LCIA – New Rules

The UK Government has set a course to market and grow London as an international dispute resolution centre, building on its prominence as a financial centre.  However, increasingly it is having to compete with the likes of New York, Singapore and Hong Kong as hubs of legal expertise.  Over the last few years there has been a rapid increase in the number of international cases in both the London courts and in arbitration.  More international and commercial disputes take place in London under English law than in any city in the world and, according to a recent survey, 90% of commercial disputes handled by London law firms are now involve an international party.  International corporates (most recently Russian and Eastern European) have used the London courts as their courts of choice because of a perceived guarantee of fairness and impartiality.  Other attractive aspects of the English legal system for sophisticated corporates include its rules on disclosure of documents, without prejudice communication to facilitate settlement and a growing trend of alternative dispute resolution. One such case was the claim by the Russian Tycoon Boris Berezovsky against Roman Abramovich over the ownership of Sibneft (a claim on which one of our partners worked).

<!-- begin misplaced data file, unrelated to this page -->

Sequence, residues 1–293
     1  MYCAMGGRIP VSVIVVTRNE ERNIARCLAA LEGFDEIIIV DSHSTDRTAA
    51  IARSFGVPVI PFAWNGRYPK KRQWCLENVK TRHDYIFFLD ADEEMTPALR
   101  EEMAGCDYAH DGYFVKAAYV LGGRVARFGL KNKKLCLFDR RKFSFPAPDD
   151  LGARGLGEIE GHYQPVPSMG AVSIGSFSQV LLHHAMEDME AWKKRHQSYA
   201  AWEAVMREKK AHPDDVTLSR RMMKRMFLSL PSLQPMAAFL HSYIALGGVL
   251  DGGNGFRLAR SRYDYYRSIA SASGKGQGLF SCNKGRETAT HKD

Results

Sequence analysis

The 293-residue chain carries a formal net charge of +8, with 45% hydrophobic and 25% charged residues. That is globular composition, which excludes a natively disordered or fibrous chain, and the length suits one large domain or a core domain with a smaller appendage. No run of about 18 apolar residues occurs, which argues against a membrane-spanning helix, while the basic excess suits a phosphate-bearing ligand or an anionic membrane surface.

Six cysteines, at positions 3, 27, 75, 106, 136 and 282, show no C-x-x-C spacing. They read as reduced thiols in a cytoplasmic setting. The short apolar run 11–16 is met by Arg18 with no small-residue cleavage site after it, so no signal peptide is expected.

In terms of arbitration, London has been at the forefront of international arbitration for many years.  The LCIA is London's most preeminent international arbitration institution - it dates back to 1892.  The UK is a pro-arbitration jurisdiction, for example because of the finality of arbitration awards with limited rights of appeal.   

As of October 2014, new rules of procedure have been introduced by the LCIA in order to try to maintain London's position in international arbitration.   The aim of the rules is to improve efficiency in the light of competition, particularly from ICC and ICDR.  The main changes include the following:-

1. New emergency arbitrator procedure.  The emergency arbitrator can make "awards" enforceable under the New York Convention and the LCIA is now the only institution to provide for both expedited formation and emergency arbitrator appointment.   

2. Rules to improve efficiency including:-

  • prospective arbitrators to confirm that they have sufficient time to conduct the matter expeditiously and diligently;
  • the tribunal to render final award as soon as reasonably possible after final submissions;
  • the LCIA can now revoke an arbitrator's appointment if he fails to conduct arbitration "with reasonable efficiency, diligence and industry";
  • the tribunal can consolidate arbitrations in certain circumstances. 

3. New conduct guidelines for the parties and their lawyers to include "good and equal conduct" by legal representatives.  These guidelines should promote a level playing field for advocates who often come from diverse legal traditions and cultures.

It will be interesting to see how the new rules bed in but the early signs are positive. It is clear that the LCIA are keen to make their arbitrations as efficient as possible.  

For more information please contact Tim Richards, Partner and Head of the Commercial Dispute Resolution team on tim.richards@michelmores.com or 01392 687605.